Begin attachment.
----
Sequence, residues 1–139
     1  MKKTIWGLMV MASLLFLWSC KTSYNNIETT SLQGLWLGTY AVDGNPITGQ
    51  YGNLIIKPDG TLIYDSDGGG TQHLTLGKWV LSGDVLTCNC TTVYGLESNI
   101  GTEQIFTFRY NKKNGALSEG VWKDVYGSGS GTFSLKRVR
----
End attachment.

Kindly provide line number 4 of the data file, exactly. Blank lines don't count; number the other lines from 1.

   101  GTEQIFTFRY NKKNGALSEG VWKDVYGSGS GTFSLKRVR